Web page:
The Pros and Cons of Sassy Job Titles
Social Media Ninja. Email Marketing Guru. Director of First Impressions.
If you’re involved in the job search right now, chances are you’ve come across at least a couple of these unusual job listings. With recruiters and employers pulling out all the stops to attract top talent, many companies are utilizing unconventional titles in order to tout company culture and attract the “perfect candidate” — from Subway’s Sandwich Artists™ (yes, it’s a registered trademark) to referring to the director of HR as the Chief People Officer.
While these sassy titles hint at a relaxed and fun work environment, it’s important to note that not all companies will find success in this approach.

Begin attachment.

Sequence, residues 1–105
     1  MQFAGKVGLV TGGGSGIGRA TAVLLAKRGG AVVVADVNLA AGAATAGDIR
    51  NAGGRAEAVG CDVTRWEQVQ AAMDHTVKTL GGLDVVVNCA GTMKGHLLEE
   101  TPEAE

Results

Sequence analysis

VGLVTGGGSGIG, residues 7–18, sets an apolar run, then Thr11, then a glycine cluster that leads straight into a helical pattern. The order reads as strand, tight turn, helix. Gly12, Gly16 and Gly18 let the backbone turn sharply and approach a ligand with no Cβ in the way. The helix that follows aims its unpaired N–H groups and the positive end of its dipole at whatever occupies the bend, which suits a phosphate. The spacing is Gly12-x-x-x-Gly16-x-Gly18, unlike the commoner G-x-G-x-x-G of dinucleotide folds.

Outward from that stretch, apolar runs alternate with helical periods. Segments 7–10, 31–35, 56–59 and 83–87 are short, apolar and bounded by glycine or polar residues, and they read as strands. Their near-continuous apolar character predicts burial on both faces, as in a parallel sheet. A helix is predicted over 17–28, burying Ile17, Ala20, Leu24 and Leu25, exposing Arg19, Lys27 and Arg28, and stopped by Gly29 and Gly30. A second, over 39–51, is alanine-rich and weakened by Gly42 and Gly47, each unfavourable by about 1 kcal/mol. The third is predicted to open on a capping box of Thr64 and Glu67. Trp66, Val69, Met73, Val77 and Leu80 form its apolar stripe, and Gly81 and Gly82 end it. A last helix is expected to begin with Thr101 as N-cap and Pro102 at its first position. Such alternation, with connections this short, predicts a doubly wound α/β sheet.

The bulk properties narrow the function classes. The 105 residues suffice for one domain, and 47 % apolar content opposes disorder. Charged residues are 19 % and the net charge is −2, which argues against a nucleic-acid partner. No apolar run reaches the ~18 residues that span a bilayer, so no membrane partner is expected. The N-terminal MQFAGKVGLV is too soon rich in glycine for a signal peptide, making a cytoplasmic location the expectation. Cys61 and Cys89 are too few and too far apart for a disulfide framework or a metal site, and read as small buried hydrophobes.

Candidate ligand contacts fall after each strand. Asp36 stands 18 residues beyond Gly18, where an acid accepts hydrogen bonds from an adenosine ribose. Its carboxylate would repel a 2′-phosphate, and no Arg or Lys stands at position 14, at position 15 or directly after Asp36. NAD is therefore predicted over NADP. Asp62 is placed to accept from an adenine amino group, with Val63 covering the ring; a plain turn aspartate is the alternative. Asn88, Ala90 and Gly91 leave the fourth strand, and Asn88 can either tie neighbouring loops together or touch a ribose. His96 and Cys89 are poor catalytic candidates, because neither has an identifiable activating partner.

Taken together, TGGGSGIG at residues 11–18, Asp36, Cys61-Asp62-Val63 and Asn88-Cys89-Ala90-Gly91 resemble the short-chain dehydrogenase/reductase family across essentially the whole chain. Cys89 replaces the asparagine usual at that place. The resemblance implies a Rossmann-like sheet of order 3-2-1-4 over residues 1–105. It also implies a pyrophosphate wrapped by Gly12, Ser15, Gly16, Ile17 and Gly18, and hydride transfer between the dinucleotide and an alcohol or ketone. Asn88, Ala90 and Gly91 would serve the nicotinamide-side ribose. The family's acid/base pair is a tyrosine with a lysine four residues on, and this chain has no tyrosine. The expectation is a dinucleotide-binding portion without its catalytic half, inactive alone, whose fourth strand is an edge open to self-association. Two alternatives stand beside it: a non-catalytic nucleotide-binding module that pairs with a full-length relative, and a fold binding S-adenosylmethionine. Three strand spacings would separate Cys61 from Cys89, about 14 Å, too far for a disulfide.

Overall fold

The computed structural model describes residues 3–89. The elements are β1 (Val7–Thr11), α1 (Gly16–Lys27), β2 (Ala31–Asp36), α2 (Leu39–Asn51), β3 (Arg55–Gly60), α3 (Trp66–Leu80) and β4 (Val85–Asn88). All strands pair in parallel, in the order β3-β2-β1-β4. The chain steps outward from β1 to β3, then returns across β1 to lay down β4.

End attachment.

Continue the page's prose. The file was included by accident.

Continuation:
Job titles are the first thing a job seekers sees; they can either grab a candidate’s attention and push them to apply, or confuse them and prevent them from applying to a job they may be a great fit for. Not only can creative titles be polarizing for a job seeker, but listing one on a resume might even harm their prospects of securing a job in the future.
For example, while the Jolly Good Fellow at Google is well-known (Google employees are allowed to create their own titles), someone else with a title this abstract and offbeat may have a hard time securing a new position in their field.
If you’re deciding –- either as an employer or employee -– whether to stick to or stray from traditional job titles, here are a few pros and cons to consider.
This post was written by Stéphane Le Viet